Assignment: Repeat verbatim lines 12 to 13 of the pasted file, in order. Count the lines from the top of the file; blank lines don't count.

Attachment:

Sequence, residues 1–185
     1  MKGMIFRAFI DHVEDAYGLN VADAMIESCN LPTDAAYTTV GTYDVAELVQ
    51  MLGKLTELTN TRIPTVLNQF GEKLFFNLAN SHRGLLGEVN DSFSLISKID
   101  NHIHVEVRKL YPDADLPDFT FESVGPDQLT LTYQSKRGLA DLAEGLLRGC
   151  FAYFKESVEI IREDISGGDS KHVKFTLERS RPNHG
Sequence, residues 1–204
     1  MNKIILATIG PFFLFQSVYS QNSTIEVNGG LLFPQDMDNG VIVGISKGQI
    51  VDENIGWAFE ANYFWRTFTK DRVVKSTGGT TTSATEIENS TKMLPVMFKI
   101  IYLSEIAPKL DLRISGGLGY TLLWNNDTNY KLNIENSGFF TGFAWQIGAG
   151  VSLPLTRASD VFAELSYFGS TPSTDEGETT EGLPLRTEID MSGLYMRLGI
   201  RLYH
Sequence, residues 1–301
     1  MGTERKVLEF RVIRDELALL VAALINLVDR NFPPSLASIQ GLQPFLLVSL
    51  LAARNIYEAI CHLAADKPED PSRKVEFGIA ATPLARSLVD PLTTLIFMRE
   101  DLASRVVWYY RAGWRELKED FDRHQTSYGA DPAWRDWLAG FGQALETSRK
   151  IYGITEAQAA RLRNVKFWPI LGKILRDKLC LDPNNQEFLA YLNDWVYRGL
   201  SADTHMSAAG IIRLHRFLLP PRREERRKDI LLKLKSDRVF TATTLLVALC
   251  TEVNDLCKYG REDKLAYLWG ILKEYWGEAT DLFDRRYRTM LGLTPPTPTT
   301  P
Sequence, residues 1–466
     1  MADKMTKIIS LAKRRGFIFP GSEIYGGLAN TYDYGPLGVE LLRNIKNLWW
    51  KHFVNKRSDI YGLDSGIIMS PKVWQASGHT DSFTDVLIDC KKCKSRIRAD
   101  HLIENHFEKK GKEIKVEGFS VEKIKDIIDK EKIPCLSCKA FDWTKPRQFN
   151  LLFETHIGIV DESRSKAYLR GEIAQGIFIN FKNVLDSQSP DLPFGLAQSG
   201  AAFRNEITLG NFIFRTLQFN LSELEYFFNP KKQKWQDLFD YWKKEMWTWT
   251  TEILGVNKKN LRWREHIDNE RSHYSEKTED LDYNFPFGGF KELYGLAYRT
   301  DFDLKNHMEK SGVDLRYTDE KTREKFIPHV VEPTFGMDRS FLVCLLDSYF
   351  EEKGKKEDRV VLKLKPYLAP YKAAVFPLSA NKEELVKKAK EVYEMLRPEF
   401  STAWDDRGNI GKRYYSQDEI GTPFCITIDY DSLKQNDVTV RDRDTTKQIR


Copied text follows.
Sequence, residues 1–301
     1  MGTERKVLEF RVIRDELALL VAALINLVDR NFPPSLASIQ GLQPFLLVSL